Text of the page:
Hands can be so expressive. If you would prefer that they not talk so much, you might ask that they hold a shape, say to display imaginary rings on the fingers... this would make them more of a shape element rather than a dramatic device... and holding that less natural shape in the fingers might lead to a certain tension that would tend to break at the wrist... whereas hands that were supposed to speak the heart might seem to be more attached through the wrists and arms to that organ. [though assumedly most corps work would also not want a lot of chatty hands]

... just a theory.


Was Gelsey Kirkland famous for broken wrists? She was a Balanchine product in her early days.

#27 leonid17

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Posted 23 April 2006 - 04:50 AM

leonid I am not sure what you actually mean when you say..."this side of the pond" Are you living in the US or refering to a different region of the world?. Through my training as an American, with "Balanchine" teachers in the 1960s through the mid 1980s, I was educated to believe that Balanchine was trained in the Vaganova program. There are many Americans of my generation who believe that to be true. When I began studying Vaganova pedagogy in St. Petersburg, Russia one of my most influencial American teachers asked me why I was "interupting" my teaching career with the "adventure" since my roots were based in Vaganova. Having already studied the syllabus in the US, as a teacher, I responded politely knowing that my previous teacher and I were about to part in ideology of teaching. It was a big step in my life as a teacher.

Please do not misunderstand me, I recognize the vast differences between the two programs of study, however there is a similar root as there is in all ballet styles.

LATER...
leonid, I have discovered you are in the UK! Now I understand. :wink:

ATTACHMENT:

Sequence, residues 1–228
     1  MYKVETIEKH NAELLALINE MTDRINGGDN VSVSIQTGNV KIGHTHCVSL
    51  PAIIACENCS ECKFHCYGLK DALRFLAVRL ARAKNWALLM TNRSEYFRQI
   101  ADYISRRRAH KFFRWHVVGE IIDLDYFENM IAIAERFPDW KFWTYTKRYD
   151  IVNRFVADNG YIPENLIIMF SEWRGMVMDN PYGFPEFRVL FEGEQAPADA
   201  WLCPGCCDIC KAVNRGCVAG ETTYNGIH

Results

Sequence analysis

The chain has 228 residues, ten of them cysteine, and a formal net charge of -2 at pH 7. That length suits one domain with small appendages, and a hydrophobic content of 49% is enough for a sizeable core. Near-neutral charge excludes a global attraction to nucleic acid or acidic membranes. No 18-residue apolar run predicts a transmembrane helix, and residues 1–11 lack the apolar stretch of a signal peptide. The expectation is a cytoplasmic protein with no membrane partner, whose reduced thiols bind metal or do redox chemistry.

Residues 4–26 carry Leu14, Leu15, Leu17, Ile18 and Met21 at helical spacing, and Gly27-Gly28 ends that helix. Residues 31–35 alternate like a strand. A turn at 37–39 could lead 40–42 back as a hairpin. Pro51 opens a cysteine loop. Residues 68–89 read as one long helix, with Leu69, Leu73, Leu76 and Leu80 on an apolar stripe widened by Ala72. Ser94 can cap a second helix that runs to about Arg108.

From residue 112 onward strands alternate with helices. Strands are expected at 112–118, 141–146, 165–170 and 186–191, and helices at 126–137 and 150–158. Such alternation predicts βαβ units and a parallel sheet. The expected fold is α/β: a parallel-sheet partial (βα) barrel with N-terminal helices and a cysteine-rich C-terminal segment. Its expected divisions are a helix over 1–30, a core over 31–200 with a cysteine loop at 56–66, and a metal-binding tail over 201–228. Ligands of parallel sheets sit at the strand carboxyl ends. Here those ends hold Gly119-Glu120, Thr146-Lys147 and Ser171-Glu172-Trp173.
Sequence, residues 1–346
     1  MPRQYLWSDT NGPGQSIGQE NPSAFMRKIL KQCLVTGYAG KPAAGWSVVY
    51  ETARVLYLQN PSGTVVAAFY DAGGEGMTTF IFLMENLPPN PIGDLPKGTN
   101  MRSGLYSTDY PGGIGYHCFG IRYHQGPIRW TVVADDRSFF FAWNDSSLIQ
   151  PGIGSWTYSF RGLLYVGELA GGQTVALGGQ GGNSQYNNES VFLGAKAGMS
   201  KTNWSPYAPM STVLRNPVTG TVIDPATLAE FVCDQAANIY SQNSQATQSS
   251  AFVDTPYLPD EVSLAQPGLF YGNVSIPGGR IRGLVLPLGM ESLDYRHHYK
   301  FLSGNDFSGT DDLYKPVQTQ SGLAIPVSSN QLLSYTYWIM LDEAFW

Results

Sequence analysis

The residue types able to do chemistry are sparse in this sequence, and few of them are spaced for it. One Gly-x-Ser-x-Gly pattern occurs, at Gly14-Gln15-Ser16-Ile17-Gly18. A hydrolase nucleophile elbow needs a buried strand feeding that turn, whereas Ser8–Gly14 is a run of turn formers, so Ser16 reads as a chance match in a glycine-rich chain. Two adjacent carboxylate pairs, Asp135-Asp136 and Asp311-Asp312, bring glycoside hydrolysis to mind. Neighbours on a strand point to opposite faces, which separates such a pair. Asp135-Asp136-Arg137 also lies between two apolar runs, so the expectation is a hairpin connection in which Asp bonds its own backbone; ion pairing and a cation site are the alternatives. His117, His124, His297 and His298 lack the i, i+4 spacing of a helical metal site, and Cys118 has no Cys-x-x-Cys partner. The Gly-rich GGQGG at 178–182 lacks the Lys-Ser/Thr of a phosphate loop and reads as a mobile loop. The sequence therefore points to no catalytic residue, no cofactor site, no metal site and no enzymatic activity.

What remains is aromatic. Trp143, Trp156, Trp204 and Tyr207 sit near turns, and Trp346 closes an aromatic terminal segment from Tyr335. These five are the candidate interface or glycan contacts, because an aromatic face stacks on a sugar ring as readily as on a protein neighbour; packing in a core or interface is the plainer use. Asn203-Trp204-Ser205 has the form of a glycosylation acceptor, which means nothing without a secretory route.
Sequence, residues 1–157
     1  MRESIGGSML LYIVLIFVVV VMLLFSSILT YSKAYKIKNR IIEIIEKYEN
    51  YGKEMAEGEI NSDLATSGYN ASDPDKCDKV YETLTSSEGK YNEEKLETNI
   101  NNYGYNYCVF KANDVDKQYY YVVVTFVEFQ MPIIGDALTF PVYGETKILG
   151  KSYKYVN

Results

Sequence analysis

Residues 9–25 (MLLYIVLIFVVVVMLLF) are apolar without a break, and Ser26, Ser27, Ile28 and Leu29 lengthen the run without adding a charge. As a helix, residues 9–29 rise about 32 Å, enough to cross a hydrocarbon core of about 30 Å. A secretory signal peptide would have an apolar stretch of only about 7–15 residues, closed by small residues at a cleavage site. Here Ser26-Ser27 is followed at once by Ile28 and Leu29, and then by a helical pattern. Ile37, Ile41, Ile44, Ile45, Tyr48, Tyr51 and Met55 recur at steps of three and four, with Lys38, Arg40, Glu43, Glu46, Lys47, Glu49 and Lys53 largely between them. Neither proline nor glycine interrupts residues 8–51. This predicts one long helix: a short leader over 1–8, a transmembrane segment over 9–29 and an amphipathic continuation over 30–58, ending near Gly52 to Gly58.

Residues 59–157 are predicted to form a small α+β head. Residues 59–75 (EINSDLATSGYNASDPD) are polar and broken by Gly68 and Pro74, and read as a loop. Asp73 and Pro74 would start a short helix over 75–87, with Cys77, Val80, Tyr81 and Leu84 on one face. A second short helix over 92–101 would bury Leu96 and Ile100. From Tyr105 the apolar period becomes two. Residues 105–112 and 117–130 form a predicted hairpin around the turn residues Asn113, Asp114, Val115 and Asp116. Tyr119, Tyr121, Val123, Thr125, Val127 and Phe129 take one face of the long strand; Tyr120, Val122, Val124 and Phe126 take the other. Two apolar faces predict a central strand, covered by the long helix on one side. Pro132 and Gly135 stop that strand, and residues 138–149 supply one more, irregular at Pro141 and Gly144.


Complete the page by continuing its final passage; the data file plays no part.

Balanchine graduated the same year that Vaganova was established as senior pedagogue
and therefore influential teacher at the Leningrad State Choreographic School. His main teachers were two outstanding 'danseur noble' Pavel Gerdt and Samuil Andrianov. Both of these teachers taught in a manner of the 19th century established and developed in Russia from a long line of teachers whose direct influences are
to be found in 18th century France, and Italy. Other teachers would have probably been Alexander Shirayev and Nikolai Legat. In Russia, his choreographic influences as far as I can remember could only have been, Petipa, Fokine, Bourman, Lopukov and Leontiev. Chekrygin, Legat and Petroff. The so called Vaganova system which was developed over a number of years was influenced by her teachers who included Lev Ivanov, Yekaterina Vazem, Christian Johannson, Pavel Gerdt and perhaps most importantly by Olga Preobrajenskaya who had (reputedly) developed a method of teaching which was enlarged upon by Vaganova long after Balanchine left Russia and her first important graduating student was Semyonova in 1925.

#28 vrsfanatic

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Posted 23 April 2006 - 06:54 AM

The subject of Balanchine and his style is still evolving. It is commonly believed that Balanchine studied the Vaganova program, which he did not. Vaganova entered Petrograd School, as a teacher, the year of his graduation. She did not become a director until 1934, when Balanchine was already working in the US. His style was definitely influenced by his Russian roots however what he learned in the US did influence his ballets.